Denver Foxtail Lily Gardens....
Each year that passes Denver Botanic Gardens seems to boast more and more Eremurus. Visitors are riveted with the display. It feels as though there are foxtail lilies everywhere, around every corner. I can recall when I obtained E. himalaicus in the 1980s...it was the first foxtail lily we planted and its progeny still thrive throughout the Rock Alpine Garden and beyond.
Above you can see the Himalayan foxtail lily has prospered on the east end of the O'Fallon Perennial Walk. The picture was taken just a week or so ago. This week decorative, bubble-like seedheads are forming--very intriguing in their own right.
Across the way is a magnificent planting of the largest cultivated Eremurus. Mike Bone and I saw E. robustus in Kazakhstan and obtained a pinch of seed. It will be interesting to see how it compares with what's growing in cultivation.
One of our most stunning gardens right now is the Ornamental Grasses Garden, which Ross Shrigley filled with these incredible giant hybrids, most with pale pink or apricot shades of color. Even on the parking structure there are masses of bronzy hybrids, and the common yellow Eremurus stenophyllus is found here and there throughout the garden. Mike Bone and I brought back another eight taxa, some quite distinct from what is in cultivation. I am especially anxious to see what E. regellii will do, with its striped chocolate and snow white stars. The enthusiasm with which Eremurus grow in Colorado is great evidence of how similar the climate in Central Asia is to Colorado. If you seek some of these out for your own garden, you too can bring some of the majesty of the Eurasian steppes to your home!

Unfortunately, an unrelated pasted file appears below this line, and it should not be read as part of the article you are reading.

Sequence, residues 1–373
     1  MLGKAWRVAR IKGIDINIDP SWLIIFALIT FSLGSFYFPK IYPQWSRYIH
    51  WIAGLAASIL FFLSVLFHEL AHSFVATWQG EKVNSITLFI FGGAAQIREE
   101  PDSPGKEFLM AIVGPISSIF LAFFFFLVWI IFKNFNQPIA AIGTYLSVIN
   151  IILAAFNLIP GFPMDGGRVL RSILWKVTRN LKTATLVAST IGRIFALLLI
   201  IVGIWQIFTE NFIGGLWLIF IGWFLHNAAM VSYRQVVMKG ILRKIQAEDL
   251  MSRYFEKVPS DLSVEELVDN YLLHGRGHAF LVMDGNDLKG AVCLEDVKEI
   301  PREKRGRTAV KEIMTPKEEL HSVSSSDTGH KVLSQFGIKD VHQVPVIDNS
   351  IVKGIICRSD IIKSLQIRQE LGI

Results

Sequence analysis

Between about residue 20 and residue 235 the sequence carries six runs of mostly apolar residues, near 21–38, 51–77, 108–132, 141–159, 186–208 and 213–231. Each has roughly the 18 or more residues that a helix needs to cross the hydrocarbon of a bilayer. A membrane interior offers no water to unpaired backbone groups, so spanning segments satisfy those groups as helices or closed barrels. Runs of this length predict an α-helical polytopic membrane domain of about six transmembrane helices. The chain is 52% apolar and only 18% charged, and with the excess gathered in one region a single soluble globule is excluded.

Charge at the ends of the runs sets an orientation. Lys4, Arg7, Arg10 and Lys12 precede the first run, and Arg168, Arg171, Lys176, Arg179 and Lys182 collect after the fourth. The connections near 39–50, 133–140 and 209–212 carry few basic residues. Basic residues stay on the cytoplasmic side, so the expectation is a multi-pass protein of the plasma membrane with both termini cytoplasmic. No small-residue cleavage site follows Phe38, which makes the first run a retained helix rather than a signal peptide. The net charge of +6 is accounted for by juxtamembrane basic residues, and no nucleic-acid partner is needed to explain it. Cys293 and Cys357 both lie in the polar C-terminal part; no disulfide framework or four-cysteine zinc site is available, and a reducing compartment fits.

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I’ve visited the Denver botanical garden and found it quite pleasing. I am a little disappointed with the lo-res photos pictured on your website. When you zoom in to get a closer look, it presents a very fuzzy image. Perhaps you could upload a higher resolution version of these photos. Thank you
Since this blog post is from 2011, we were saving images to a much smaller file size, which was the recommendation for saving images at that time. The images on our more current blog posts are larger.